A sharp concave card scraper will reproduce the negative profile to itself easily and crisply, making the clean up and smoothing of spindles, beads, etc. much easier.
Here's how I sharpen mine
Step 1: Watch the Short Video First
Watch the video, then read through the more detailed steps. This should help you understand the process more easily.
Step 2: Make a Sharpening Profile
Use the concave card scraper to produce a short length of profile.
Make the profile slightly smaller than the curve of the scraper. You'll see why later.
Clearly, this is best done when it is sharp, so try to remember this when you buy new profiled scrapers. Angle the scraper to make the profile slightly smaller.
If the scraper is already dull, then you may find it difficult, and using a rasp and flat file may speed the process up.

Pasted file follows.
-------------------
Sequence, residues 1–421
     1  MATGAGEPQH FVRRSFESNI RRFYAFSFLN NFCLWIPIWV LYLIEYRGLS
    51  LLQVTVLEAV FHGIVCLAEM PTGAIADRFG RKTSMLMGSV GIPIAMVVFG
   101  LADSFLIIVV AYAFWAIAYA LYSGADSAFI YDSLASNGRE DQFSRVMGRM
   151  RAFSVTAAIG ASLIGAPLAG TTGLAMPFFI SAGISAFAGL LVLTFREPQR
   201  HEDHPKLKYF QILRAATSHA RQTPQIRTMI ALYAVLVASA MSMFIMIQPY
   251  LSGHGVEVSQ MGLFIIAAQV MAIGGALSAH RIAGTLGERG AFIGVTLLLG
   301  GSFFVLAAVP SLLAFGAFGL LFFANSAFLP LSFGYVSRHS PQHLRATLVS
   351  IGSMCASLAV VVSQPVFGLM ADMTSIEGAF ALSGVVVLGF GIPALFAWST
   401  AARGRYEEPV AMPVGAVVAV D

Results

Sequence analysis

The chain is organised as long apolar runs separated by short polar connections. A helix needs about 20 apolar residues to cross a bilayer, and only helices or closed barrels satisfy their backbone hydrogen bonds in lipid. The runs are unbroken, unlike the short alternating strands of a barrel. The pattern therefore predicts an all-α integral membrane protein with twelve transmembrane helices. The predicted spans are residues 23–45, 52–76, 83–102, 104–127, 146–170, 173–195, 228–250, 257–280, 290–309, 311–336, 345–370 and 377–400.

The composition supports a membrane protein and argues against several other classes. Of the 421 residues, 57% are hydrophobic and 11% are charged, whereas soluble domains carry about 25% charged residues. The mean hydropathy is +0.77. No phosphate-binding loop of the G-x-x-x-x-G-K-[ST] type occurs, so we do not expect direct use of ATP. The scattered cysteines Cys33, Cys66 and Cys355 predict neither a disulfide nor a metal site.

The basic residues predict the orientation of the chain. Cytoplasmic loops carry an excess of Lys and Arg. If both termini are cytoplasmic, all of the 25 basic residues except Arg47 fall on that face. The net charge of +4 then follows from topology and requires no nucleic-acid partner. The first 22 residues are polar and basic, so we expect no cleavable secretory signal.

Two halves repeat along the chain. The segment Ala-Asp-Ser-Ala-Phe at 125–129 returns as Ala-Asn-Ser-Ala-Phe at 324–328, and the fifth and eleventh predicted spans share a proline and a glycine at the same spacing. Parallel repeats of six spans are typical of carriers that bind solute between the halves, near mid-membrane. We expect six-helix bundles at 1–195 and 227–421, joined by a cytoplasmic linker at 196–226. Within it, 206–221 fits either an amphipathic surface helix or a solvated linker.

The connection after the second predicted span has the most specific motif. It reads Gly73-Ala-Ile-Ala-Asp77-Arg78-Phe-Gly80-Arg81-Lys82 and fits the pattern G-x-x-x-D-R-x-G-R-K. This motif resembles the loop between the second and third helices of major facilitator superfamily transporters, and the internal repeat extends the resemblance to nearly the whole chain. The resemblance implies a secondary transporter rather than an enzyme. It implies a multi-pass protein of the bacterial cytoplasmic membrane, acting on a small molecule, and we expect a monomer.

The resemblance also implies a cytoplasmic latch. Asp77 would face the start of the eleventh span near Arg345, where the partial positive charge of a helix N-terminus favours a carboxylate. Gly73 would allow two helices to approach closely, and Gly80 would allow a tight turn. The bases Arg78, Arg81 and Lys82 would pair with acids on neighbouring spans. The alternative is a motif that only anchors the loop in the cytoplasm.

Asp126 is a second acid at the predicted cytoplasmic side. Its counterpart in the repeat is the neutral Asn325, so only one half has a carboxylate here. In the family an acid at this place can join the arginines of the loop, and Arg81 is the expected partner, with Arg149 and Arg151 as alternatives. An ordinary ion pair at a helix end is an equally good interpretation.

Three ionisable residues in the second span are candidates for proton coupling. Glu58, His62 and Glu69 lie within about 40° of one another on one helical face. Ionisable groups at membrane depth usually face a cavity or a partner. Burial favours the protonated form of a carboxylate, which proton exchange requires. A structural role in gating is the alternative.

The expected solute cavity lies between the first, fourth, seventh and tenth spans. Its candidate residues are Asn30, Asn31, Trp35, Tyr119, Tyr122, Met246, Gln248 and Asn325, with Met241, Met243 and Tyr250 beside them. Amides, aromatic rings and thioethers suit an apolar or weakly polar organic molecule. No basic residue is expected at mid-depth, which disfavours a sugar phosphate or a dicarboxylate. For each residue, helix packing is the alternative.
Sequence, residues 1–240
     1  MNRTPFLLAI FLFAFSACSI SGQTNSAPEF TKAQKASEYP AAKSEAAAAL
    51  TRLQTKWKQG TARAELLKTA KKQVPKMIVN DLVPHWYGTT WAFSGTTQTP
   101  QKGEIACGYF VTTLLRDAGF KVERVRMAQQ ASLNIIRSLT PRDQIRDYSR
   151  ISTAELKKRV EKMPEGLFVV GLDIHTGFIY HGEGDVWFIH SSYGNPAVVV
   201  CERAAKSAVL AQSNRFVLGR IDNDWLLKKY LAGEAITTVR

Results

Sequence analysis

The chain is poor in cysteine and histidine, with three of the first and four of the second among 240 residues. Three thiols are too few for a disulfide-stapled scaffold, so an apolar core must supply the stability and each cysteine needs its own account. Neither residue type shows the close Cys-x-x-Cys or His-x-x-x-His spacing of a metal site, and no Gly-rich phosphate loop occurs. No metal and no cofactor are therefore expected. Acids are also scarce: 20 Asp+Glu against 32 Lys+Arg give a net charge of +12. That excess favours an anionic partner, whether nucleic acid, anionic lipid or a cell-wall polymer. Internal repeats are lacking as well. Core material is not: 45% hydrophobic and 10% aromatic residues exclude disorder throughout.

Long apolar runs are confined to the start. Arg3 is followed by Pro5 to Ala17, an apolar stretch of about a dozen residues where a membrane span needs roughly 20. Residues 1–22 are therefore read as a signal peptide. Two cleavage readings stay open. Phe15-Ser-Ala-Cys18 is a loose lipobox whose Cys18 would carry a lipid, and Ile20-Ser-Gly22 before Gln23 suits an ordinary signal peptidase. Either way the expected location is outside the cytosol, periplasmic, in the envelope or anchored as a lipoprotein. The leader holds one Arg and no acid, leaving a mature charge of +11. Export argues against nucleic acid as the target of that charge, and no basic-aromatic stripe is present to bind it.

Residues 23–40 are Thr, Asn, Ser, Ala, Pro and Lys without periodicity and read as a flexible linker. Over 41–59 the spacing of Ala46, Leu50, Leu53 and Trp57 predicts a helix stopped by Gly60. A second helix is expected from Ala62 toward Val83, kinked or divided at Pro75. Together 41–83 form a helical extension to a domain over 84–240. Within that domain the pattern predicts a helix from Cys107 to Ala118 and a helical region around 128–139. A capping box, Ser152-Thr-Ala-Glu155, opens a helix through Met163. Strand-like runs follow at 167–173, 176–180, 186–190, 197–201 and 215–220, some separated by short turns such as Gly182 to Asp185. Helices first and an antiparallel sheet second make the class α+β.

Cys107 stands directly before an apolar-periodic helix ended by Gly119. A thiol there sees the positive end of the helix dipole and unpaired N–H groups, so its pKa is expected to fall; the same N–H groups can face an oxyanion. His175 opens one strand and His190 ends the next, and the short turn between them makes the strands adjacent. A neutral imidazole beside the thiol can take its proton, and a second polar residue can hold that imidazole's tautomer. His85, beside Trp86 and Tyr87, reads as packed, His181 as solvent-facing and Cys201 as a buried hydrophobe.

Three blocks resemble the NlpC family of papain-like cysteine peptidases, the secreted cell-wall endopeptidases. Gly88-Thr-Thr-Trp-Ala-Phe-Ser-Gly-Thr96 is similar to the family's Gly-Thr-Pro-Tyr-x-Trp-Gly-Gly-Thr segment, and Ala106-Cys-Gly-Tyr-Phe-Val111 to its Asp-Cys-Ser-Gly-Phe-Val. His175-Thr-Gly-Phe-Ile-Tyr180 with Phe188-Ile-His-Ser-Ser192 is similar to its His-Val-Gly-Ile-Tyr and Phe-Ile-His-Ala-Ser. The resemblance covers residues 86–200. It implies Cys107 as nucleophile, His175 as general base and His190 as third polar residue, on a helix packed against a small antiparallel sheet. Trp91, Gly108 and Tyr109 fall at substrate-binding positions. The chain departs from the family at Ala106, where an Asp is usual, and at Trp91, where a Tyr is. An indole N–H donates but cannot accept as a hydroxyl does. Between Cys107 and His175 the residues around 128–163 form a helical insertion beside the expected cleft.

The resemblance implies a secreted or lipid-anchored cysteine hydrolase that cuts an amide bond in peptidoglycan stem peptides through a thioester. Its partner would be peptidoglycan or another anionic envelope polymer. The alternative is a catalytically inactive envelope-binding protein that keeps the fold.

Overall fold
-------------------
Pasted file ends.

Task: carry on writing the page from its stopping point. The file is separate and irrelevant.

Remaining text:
Step 3: For Damaged or Badly Dulled Scrapers, File First
If your concave card scraper is nicked or very dull, then use a half-round or round file to prepare the edge. You want the 'thickness' of the scraper to be at ninety degrees to the faces, so keep the file at ninety degrees too.
Step 4: Smooth the Edge
Wrap some fine sandpaper over the profile you previously prepared, and use this to smooth the edge of the scraper curve. The thickness of the sandpaper is why we make the profile slightly smaller.
Remember to keep the profile and scraper face at ninety degrees to one another.
Step 5: Create the Sharp Corner That Does the Work
Now place the scraper face down on a fine india stone (or fine water stone, etc.) and rub off any burrs and unevenness at the cutting edge.
Step 6: For the Best Finish
Repeat on a flat piece of MDF, charged with honing compound, for a superior finish.
Step 7: Polish the Concave Edge Profile
Finish by polishing the edge, using the prepared profile, now charged with honing compound.
You can repeat these final two steps frequently as you use the scraper, to keep a keen edge and save having to go back to step 1.
Step 8: Now You're Ready to Scrape!
I hope you've found this instructable useful.